It sounds like you initially added too much water (ended up with a jar and a half . . . shrinks, cracks and falls off the pot). But it sounds like some of the water has since evaporated (glaze is now the consistency of pudding and not runny). To rehydrate, add a little water at a time and mix with blender . . . but the amount of water and glaze should not be more than can fit in the original jar. If it is still too thick, add a drop of Darvan . . . that will make it flow easier but not make it more watery. And, only a drop . . . a little goes a long way.

 

Check out the Linda Arbuckle video clip for how to mix glazes and get viscosity correct . . . http://ceramicartsdaily.org/ceramic-supplies/ceramic-glaze/video-of-the-week-how-to-flocculate-a-ceramic-glaze-for-better-coverage/

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The ceramics shop gave me some glazes (cone 6) that had become hard in the jars. They didn't dry out but had become very stiff. I added water and used a blender to soften them up. I ended up with a jar and a half of glaze when done. Now here is the problem, with so much water in the glaze, it shrinks, crackes and falls off the pot. The glaze is now the consistancy of pudding and not runny. Anybody know of a way to make these glazes usefull. I teach in a high school and have 120 ceramics students. I have about 50 jars of glazes in this condition and would be great if I could make them usefull.

Thanks

Bob

 

 

It sounds like you initially added too much water (ended up with a jar and a half . . . shrinks, cracks and falls off the pot). But it sounds like some of the water has since evaporated (glaze is now the consistency of pudding and not runny). To rehydrate, add a little water at a time and mix with blender . . . but the amount of water and glaze should not be more than can fit in the original jar. If it is still too thick, add a drop of Darvan . . . that will make it flow easier but not make it more watery. And, only a drop . . . a little goes a long way.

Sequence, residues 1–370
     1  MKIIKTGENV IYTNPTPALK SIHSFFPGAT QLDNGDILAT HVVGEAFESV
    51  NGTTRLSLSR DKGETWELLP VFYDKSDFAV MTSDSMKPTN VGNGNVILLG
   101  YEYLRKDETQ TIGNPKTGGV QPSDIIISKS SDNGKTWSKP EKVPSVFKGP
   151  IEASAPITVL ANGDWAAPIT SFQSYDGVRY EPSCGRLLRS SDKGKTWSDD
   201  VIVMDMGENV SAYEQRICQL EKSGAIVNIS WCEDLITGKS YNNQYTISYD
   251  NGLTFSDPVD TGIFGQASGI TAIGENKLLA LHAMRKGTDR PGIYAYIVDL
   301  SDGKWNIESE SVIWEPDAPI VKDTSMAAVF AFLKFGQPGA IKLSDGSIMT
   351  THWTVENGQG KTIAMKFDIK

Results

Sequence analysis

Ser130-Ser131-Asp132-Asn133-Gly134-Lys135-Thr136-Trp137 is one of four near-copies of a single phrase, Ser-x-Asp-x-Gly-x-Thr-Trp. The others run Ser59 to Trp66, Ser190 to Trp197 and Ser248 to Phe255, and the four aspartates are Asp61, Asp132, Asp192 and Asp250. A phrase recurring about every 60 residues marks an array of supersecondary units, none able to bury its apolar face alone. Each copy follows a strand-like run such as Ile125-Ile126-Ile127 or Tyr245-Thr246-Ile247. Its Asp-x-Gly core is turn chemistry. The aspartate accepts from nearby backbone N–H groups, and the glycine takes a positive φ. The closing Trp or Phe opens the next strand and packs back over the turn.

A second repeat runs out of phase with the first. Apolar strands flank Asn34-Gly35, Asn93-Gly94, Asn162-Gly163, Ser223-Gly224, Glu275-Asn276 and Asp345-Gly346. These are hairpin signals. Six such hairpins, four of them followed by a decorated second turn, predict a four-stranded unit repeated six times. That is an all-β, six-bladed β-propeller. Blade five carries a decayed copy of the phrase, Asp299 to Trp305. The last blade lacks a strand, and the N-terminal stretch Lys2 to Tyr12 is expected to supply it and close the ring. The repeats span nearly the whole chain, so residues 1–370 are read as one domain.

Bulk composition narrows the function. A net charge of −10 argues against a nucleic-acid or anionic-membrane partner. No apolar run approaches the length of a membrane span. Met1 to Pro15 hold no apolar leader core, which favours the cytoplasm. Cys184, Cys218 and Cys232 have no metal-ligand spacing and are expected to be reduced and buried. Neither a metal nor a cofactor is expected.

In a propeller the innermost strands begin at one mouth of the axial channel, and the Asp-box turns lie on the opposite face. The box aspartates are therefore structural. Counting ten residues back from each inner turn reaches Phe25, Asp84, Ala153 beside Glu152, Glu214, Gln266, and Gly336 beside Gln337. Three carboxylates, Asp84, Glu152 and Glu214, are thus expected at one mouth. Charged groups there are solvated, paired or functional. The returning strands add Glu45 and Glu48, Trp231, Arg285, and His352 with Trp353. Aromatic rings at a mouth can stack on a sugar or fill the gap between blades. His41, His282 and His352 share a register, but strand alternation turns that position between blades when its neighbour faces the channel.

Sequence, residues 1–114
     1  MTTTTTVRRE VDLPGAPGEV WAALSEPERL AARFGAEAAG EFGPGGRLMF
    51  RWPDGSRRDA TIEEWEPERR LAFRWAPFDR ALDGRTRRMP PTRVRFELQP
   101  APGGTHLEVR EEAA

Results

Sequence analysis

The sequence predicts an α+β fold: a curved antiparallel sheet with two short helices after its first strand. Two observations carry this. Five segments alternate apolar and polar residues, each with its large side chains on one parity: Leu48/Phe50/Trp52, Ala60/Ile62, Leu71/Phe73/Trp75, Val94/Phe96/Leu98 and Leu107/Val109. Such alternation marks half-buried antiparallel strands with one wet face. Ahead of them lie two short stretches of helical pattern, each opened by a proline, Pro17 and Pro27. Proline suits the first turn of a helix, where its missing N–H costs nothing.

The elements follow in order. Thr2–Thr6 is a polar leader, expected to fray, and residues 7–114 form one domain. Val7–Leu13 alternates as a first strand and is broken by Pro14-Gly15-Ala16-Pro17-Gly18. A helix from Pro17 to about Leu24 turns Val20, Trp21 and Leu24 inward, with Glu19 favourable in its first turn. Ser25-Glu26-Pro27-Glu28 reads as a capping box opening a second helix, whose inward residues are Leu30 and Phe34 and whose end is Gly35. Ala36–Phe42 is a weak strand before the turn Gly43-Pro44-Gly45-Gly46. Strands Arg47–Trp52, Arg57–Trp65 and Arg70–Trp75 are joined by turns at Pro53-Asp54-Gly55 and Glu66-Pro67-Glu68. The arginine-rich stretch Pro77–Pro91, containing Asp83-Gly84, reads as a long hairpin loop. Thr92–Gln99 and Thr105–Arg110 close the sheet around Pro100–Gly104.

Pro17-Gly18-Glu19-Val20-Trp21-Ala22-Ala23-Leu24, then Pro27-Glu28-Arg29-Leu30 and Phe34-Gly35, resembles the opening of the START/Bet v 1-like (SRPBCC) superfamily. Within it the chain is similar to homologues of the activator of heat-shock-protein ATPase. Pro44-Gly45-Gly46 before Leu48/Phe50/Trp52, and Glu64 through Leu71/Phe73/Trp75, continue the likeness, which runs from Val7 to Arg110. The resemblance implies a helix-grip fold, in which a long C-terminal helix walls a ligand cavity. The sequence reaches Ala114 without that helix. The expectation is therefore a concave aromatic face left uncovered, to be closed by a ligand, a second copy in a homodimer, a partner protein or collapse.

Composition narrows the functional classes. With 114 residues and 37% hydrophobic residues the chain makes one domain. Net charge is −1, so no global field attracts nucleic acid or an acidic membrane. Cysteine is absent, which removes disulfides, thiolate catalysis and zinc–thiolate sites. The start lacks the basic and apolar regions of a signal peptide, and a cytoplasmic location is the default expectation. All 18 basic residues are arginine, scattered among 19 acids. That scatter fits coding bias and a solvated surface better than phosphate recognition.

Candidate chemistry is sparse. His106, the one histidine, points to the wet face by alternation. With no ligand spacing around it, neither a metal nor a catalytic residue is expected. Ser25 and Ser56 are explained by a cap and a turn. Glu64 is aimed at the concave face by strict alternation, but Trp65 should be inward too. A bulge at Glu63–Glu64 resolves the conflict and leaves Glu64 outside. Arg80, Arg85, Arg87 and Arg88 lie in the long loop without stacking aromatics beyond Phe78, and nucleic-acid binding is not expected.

Check out the Linda Arbuckle video clip for how to mix glazes and get viscosity correct . . . http://ceramicartsda...etter-coverage/

 

The video was good but that is not the problem. When the glaze dryes, it shrinks ,crackes and falls off the pots. The glaze in the jars had to be scraped out with a screw driver. the glaze was still wet but more like real thick slip. I used a top loading blender to mix the glaze. When I was finished some of the glazes were tlhick like pudding but were very wet and did not need more water. I thought maybe the blender has added to much air. The glaze was like a thick milk shake. I called Amaco but the teck was not in so I will let you know what he had to say.

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Do not add anything yet.

If the glaze is still wet and thick add small amounts of water and stir slowly at first, then vigorously with a paint stirrer, then shake until you get to the consistency you want. For hard glazes you add small amounts of warm water just upto the glaze line set it aside and allow the water to soak into the glaze. Later or the next day you will be able to stir, shake and even add a little more water if needed.

 

Call or email Lori Jenkins at Amaco. Explain to Lori your problem I am sure she will help you.